Article Text


Poster Programme
PS16 Which is more Effective, A Universal or Targeted Approach, to Implementing the National Healthy Start Programme? A Mixed Methods Study
  1. M Moonan1,
  2. B Hanratty2,
  3. M Whitehead1
  1. 1Department of Public Health and Policy, University of Liverpool, Liverpool, UK
  2. 2Department of Health Sciences, University of York, York, UK


Background Healthy Start is a statutory scheme in the UK, aiming to improve the health of children and pregnant or lactating women by providing food vouchers and vitamins. The Department of Health intended the intervention to be targeted to low incomes families (a targeted approach), but in some areas Healthy Start vitamins are available to eligible mothers and children independent of income (a universal approach). The aim of this study is to investigate which approach is more effective and to identify barriers to implementation.

Methods 1) Systematic review of the literature to identify which approach, universal vs. targeted, achieves the highest coverage of vitamin use in pre-school children and pregnant women.; 2) Using national data, a comparison of vitamin uptake rates in targeted and universal areas.; 3) In depth qualitative interviews with 30 commissioners, providers and service users from a targeted and universal area. Data were thematically analysed.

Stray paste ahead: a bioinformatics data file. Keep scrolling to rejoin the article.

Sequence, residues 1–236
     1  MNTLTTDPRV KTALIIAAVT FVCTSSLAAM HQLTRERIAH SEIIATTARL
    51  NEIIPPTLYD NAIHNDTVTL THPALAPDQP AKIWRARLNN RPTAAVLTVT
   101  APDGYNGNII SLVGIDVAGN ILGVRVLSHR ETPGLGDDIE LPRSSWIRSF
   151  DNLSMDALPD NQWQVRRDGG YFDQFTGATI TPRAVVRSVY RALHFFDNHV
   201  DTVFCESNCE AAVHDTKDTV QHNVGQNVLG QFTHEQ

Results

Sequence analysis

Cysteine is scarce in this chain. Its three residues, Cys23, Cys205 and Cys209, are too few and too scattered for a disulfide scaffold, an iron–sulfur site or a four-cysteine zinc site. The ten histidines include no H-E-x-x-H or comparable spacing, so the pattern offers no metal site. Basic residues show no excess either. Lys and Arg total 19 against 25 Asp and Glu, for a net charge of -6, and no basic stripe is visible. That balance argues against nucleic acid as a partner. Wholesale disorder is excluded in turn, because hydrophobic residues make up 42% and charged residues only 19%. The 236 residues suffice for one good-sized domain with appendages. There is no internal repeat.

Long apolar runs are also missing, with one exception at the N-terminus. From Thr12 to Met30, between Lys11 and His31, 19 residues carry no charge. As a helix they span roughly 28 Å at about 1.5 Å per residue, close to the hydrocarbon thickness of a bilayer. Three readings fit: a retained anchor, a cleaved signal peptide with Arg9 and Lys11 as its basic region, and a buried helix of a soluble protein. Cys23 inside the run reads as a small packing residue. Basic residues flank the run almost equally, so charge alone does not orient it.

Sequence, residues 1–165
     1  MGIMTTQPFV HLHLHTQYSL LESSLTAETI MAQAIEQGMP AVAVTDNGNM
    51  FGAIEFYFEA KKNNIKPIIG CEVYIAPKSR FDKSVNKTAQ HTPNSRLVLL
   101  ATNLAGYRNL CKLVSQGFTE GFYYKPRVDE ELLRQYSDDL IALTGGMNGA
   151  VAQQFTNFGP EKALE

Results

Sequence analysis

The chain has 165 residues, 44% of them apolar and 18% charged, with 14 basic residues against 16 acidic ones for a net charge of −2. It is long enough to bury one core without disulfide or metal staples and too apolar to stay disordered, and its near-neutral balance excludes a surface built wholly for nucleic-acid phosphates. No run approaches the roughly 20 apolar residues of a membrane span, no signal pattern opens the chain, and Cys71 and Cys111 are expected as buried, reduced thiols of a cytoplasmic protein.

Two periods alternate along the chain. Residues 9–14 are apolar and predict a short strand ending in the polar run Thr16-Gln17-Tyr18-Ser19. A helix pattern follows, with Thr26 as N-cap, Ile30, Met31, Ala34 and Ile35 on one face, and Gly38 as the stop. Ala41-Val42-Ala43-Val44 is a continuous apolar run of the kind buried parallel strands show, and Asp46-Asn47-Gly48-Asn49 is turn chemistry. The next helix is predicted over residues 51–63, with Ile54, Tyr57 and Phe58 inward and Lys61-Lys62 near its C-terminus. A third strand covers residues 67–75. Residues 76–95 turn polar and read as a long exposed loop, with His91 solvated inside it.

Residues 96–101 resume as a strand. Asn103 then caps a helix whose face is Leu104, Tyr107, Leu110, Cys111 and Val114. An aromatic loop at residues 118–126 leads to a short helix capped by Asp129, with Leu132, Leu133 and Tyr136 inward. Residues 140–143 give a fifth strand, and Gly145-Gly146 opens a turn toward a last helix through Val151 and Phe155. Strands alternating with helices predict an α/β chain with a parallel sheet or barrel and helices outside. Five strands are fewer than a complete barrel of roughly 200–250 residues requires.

Results 1) Initial findings from the systematic literature review reveals that universal supplementation of vitamins such as folic acid significantly reduces the incidence of preventable ill health due to vitamin deficiencies such as neural tube defects compared to a targeted approach.; 2) In areas using the targeted approach, the uptake of children’s drops and women’s tablets was 1.46% and 2.56% respectively. In the area that adopted a universal approach, the uptake of children’s drops and women’s tablets was 3.97% and 7.72% respectively. ; 3) Barriers shared by both approaches include a lack of awareness of the scheme amongst health professionals, onerous administrative processes and the availability of vitamins. The universal approach is supported by health professionals because it does not stigmatise recipients.

Conclusion 1) From the systematic review, mandatory universal fortification of foods, e.g. flour is a major public health opportunity for the UK.; 2) Uptake of Healthy Start food vouchers and vitamins is low whatever the implementation strategy. However, uptake of Healthy Start vitamins is significantly higher in areas adopting a universal approach to implementation. A universal approach to implementation is supported by the literature and this study suggests that it may overcome some barriers to the implementation of the Healthy Start scheme nationally.; 3) In particular, a universal approach may reduce some of the administrative hurdles confronted by a targeted approach and will also address the stigma associated with the use of Healthy Start vitamins.

Producing evidence for the cost effectiveness of the scheme will be critical for its continued support.

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